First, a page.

Fredric Melcher said, "A great nation is a reading nation, and in this broad country of ours, books should be freely available for every boy and girl. Until they are freely available we have a great task." So the need for Book Week continues.

The Children's Book Council is a non-profit organization encouraging the reading and enjoyment of books for young children.

 

REFERENCES:

C.B.C. (1996) Children's Book Week. [On-line]. Available: http:/www.CBCBooks.org.

Low, A. (1991). The Family Read-Aloud Holiday Treasury. Boston Massachusetts: Little, Brown Company.

The Children's Book Council, Inc.

568 Broadway, Suite 404 New York, NY 10012

(212) 966-1990

 

OBJECTIVES:

* Students will recognize the importance of reading.

* Students will recognize the importance of good books.

* Students will participate in the school book fair.

 

TIME ALLOTMENT: Approximately one week doing an activity or two per day.

 

RESOURCES NEEDED:

* Paper for covering books

* Plastic

* Markers

* People to share books

* Tape

* Scissors

* Old Books

* Boxes for donations

* Poster board for posters

* Poems on reading and Book Week

 

PROCEDURES:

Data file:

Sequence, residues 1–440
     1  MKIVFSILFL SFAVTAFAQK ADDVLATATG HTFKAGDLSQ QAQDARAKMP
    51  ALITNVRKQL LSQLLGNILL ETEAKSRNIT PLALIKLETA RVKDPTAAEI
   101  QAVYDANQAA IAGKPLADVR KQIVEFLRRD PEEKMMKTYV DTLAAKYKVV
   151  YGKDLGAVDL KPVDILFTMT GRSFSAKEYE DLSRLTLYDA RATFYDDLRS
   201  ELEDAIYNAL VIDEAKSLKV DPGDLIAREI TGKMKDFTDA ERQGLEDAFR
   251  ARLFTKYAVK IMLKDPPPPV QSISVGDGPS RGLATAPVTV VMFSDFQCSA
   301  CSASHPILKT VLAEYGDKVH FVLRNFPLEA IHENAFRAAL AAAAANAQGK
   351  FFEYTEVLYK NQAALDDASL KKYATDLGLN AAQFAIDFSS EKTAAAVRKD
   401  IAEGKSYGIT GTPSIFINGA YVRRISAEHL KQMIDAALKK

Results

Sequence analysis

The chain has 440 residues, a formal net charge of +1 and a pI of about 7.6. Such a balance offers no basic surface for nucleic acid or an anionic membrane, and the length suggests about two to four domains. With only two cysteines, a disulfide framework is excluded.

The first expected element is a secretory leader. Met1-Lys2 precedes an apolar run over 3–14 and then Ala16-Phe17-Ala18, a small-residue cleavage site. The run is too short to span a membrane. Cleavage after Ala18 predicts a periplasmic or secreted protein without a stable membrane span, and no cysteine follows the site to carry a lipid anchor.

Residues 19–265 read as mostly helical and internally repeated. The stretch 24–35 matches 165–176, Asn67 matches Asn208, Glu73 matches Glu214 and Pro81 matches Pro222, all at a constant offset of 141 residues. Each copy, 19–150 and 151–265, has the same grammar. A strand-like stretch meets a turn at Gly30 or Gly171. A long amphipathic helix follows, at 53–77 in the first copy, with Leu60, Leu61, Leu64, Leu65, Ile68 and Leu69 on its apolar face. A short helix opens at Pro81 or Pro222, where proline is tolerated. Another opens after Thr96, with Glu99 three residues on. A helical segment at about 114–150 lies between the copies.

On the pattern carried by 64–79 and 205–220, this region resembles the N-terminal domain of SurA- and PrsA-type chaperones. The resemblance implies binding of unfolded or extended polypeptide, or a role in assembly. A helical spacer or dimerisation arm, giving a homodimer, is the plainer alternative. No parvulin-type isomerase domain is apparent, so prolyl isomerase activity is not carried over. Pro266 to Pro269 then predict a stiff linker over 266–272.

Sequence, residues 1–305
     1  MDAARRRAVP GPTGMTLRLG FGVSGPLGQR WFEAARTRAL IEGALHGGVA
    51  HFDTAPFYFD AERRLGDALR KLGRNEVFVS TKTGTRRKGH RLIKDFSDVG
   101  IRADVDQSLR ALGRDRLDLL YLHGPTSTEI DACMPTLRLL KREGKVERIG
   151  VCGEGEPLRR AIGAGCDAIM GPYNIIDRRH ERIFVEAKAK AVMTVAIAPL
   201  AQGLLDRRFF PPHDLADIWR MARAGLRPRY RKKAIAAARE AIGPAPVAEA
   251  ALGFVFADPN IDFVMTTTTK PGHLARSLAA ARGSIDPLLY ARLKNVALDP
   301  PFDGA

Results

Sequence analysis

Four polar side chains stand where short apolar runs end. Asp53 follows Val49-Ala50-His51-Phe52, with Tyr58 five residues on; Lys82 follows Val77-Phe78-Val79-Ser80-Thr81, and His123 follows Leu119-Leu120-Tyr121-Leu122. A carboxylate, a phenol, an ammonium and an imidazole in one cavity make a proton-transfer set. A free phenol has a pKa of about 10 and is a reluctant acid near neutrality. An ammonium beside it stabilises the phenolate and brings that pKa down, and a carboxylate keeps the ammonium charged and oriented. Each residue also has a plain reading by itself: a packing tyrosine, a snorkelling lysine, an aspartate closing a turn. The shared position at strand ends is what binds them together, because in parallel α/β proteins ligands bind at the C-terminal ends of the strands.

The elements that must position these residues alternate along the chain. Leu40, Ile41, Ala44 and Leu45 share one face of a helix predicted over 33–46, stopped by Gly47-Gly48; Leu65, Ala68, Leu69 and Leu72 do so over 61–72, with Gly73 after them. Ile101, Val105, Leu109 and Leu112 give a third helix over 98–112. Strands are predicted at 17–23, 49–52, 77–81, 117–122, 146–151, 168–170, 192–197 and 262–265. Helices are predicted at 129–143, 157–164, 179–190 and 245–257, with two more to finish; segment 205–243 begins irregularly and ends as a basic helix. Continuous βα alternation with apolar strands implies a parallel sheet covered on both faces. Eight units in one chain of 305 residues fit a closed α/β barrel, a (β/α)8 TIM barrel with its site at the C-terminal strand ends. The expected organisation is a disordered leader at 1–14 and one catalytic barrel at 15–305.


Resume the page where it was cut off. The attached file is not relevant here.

A. FAVORITE BOOKS: Ask the students if they have a favorite book or if they remember a book that was read to them often. Have a few of the children share their favorite book or story with the class by telling the class about it.

B. HISTORY: Talk to the children about how Book Week got started. Explain to them how many children don't have any good books to read. This is the main reason that Book Week was started. Ask them for suggestions on what they could do to celebrate Book Week and show their appreciation for books.Write their suggestions down and follow some. But also incorporate the following that they do not suggest.

C. NEW COVERS: Talk to the librarian and explain to her that your class would like to put new covers on some of the older more frequently used books that are in the school library. Have the librarian select the books that they think need new covers and bring them down to your class. If possible have the librarian also come and talk about the importance of taking care of the books so that all of the children will have the same opportunity to read the children's books.

D. BOOK COLLECTION: Have the children bring old books from home that they could donate to a local children's center. They could also make boxes to put around in the school and the community for other people to put books in them to donate. After the collection of the books. Have the children possibly make covers for the books that need them. Then have a class field trip to the center that you have chosen to donate these books to. The students could even read some of the books to the children at the center.

E. POEMS: Read some poems that others have written about books, reading and book week. Then the children can write poems about what books and reading mean to them. These poems could be placed in the hallway for others to read and enjoy. Or the class poems could be placed in a book and put at the book fair for other children to read.